Statistics in Medicine

A Bayesian approach to Mendelian randomisation with dependent instruments

Journal Article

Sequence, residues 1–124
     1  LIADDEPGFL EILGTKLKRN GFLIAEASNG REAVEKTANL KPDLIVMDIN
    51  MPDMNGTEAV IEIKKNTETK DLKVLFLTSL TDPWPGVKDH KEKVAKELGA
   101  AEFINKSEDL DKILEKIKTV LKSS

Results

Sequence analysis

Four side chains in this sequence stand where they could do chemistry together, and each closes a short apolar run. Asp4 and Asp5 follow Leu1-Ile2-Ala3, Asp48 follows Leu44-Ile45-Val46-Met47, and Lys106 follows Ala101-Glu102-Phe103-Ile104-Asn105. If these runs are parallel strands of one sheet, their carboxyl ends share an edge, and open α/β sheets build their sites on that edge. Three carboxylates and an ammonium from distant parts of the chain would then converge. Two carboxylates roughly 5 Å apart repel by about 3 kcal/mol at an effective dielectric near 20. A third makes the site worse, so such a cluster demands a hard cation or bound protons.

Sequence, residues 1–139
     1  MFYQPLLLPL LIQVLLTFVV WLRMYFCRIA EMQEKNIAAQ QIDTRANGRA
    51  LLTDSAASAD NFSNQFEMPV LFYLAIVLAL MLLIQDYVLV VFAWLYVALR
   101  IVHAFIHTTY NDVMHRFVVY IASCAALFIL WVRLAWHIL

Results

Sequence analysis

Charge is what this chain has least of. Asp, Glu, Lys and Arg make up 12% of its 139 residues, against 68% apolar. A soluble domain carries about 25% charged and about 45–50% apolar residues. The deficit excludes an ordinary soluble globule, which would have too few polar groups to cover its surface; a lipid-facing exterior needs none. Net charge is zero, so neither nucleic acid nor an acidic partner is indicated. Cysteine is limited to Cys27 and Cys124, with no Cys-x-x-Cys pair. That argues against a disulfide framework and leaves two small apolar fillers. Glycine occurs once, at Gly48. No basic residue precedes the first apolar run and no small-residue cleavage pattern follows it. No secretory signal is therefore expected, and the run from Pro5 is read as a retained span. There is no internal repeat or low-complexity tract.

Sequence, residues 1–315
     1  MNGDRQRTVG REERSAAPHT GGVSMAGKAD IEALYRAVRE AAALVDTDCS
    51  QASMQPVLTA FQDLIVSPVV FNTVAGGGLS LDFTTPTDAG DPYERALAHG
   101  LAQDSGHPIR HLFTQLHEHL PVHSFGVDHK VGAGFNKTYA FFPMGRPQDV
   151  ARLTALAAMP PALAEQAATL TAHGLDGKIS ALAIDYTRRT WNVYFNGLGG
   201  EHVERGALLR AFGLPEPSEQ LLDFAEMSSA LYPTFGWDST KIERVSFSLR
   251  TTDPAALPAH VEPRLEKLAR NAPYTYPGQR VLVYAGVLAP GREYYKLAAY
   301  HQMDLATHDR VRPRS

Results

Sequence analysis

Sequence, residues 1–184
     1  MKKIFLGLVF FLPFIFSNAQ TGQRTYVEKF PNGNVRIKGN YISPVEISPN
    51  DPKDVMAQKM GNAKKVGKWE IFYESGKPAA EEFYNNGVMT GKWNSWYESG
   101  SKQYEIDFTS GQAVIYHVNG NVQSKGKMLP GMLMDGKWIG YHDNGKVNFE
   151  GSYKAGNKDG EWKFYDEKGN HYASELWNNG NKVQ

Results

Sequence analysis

Mendelian randomisation (MR) is a method for establishing causality between a risk factor and an outcome by using genetic variants as instrumental variables. In practice, the association between individual genetic variants and the risk factor is often weak, which may lead to a lack of precision in the MR and even biased MR estimates. Usually, the most significant variant within a genetic region is selected to represent the association with the risk factor, but there is no guarantee that this variant will be causal or that it will capture all of the genetic association within the region. It may be advantageous to use extra variants selected from the same region in the MR. The problem is to decide which variants to select. Rather than selecting a specific set of variants, we investigate the use of Bayesian model averaging (BMA) to average the MR over all possible combinations of genetic variants. Our simulations demonstrate that the BMA version of MR outperforms classical estimation with many dependent variants and performs much better than an MR based on variants selected by penalised regression. In further simulations, we investigate robustness to violations in the model assumptions and demonstrate sensitivity to the inclusion of invalid instruments. The method is illustrated by applying it to an MR of the effect of body mass index on blood pressure using SNPs in the FTO gene.

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